Cue typical American public radio broadcast:
Once this pleasant, sunny courtyard rang with the cries of children at play. That was the week before disaster struck, and began a process that we know only too well.
(Audio: birds singing, children playing)
As the first tendrils of disaster touched this happy community, residents rallied together, and declared their intention to fight disaster with the bonds of a community — love, sharing, forgiveness and a helping hand.
(Audio: “I know this is gonna be hard, but I’m here for the long haul,” gruff voice of local longshoreman, or maybe a painter. Someone who is not a radio-employed intellectual from New York, please. We have empathy for the other half living.)
But as the disaster deepened, those strong voices dropped out one by one. First the busy bus depot flooded in warm blood. Then people began to abandon these homes they worked for over long years of struggle. Finally, the children disappeared.
(Audio: sad music, preferably a minor key modulating to a lower key still in the minor, with a two-note pattern of bright incidentals for contrast.)
Now this once-happy community is all but abandoned. Buildings rust next to burnt out cars. The government promises aid, but it comes slowly. We all know the rest. And even though we give, we cannot stave off this aftermath of disaster.
We can see radio programs as a pattern, much like patterns exist from which we cut clothing, design furniture, or write computer code. The pattern of this radio program is repeated not only on government-funded public radio, but also on privately-owned big media channels, and even more alarming, on the indie stations. Monkey see, monkey do, and this successful product format can be emulated to share in the success.
Looking behind the visual and political cues, and the putative content of the program, we see the emotional content of this pattern. It both memorializes tragedy, and seems to affirm its inevitability, while offering token methods of resistance. This in turn creates a psychological pattern: the sense of living with constant small tragedy and being impotent to change it, and finding solace not in fighting that impotence, but in accepting it and sharing emotions with others.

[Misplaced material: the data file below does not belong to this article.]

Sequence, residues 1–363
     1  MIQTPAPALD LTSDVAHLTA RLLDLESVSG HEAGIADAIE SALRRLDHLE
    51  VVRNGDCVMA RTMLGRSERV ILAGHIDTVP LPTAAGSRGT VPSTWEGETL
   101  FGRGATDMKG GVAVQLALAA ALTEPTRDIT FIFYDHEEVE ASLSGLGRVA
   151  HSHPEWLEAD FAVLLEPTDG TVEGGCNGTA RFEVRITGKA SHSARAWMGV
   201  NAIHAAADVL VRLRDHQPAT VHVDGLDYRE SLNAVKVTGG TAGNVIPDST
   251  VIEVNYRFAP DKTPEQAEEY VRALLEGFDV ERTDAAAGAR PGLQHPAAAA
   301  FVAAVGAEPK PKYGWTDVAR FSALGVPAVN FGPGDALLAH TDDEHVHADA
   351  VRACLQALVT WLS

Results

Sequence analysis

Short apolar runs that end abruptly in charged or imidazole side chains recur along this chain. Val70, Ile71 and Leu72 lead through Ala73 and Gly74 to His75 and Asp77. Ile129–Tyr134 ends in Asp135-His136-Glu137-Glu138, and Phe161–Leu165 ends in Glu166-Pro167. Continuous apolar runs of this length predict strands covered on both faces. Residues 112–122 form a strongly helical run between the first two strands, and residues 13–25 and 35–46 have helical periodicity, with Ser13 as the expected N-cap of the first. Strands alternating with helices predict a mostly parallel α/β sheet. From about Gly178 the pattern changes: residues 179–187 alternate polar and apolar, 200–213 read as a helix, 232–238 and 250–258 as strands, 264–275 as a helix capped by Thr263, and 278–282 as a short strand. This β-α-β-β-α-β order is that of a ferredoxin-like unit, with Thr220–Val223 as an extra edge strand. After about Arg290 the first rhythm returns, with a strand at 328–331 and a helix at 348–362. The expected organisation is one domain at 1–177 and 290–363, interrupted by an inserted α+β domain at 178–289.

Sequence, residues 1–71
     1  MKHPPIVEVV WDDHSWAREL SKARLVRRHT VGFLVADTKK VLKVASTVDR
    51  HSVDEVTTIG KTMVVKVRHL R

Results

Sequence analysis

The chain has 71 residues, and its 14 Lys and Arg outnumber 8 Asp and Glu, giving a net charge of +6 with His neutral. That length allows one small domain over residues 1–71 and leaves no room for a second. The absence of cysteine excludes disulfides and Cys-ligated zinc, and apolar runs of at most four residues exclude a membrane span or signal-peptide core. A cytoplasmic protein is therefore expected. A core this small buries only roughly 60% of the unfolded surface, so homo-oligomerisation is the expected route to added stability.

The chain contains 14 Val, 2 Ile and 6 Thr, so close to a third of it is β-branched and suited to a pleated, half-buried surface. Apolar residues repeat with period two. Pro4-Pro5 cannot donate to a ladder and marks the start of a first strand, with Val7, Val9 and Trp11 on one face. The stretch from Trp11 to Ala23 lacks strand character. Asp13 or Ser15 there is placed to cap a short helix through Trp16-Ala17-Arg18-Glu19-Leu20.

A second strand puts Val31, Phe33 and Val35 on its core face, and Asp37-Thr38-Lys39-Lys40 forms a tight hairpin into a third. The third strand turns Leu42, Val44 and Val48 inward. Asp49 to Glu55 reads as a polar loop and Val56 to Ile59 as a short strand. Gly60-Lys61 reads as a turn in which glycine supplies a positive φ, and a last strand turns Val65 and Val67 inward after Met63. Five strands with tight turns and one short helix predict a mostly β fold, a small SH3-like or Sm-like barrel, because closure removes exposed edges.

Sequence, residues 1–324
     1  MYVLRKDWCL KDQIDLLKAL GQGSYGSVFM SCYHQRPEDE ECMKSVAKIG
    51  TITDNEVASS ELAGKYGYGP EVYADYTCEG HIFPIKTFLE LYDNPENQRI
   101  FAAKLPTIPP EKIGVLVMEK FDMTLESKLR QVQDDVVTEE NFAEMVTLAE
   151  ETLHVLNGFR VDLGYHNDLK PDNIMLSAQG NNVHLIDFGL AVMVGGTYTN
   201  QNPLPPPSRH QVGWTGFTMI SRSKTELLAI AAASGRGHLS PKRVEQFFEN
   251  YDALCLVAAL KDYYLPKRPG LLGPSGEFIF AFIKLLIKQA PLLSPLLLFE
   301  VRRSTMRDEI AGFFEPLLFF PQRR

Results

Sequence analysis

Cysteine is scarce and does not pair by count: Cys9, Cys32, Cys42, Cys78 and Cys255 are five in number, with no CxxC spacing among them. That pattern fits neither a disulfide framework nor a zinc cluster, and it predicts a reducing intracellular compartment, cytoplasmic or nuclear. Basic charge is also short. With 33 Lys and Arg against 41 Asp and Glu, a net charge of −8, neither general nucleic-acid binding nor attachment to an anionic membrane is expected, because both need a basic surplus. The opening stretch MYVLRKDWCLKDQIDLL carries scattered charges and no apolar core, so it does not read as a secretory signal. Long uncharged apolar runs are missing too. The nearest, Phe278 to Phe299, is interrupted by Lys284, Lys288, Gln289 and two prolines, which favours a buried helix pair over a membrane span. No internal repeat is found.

This pattern can be found other places. The best spot to locate it is a drug and alcohol rehabilitation center. People stand up, say they’ve screwed up their lives and cannot manage their own lives, and so they need someone to tell them what to do. God, the law, morality and economics all get mentioned as part of the same process (revelatory). What is the psychological pattern? Submission to negativity through acceptance of the negative but endurable.
“I get raped nightly,” said one slave to another. “But there’s always food afterwards, and it’s not as bad as the guys in the field have.” The other shrugged. “Share some of that food with someone too ugly to be raped, whyncha?”
When we look at the logic of submission, we see a convergence of human psychological factors. The “Stockholm Syndrome,” where captives bond with captors, is part of the same psychological pattern that has beaten wives clinging to their abusers, or anally violated children defending their parents. Yes, the situation is bad; however, we can’t face what we have to do to fix it; therefore, we endure and find some way to make our sadness into proudness. Although our lives are meaningless, and we fail daily, we are the greatest martyrs of all time.
This psychological pattern is a subset of all cognitive dissonance patterns. In these, reality is painful, so people invent justifications and use them to supplant measurement of reality. We could use the old cliche of an ostrich hiding its head in the sand, but only if there’s a television down there, dramatizing the sadness. It is an inversion of art: instead of singing the beautiful, we find praises for the ugly and disguise it as beauty, because we have lost belief in beauty.
As good nihilists, we note that this loss of belief in beauty is vested more in belief than beauty. We have made beauty contingent upon so many moral justifications that it is socially taboo to note beauty without somehow tying it to the plight of the disadvantaged (morality for dummies: when we fear for ourselves, we want to find someone in a worse position than ourselves and demand they be protected, like a human shield; this unites individuals into crowds determined to destroy anyone who might not need the protection of the crowd, like a populist Mafia). What a beautiful vista — we can build public housing here.
Through this process, what was once adaptation becomes a perverse addiction to failure and ugliness, so long as we find some hip new way of presenting them on the radio or television. You can see it in the irony of the hipster, who if his band sucks, will tell you all about how using a tuba to blast jazz riffs over indie rock guitar makes them unique and different and worthy of your attention. The question of “Is it good?” has been replaced by the question of “Do we do ugly, boring and failing well?” It’s like a yard sale of used colostomy bags.
Cognitive dissonance, by the nature of denying reality, puts us into dangerous territory. It is spread easily through social expressions because if our good buddy Joe30AF0B18 comes up to us and tells us that his job failed, he has AIDS and his children are mentally retarded, we want to say something nice to him to make him feel better. So we tell him that Jesus loves him, or he’s unique, or that we’ve never heard such a moving story and he should call public radio. In doing so, we take some of the need to justify misery into ourselves.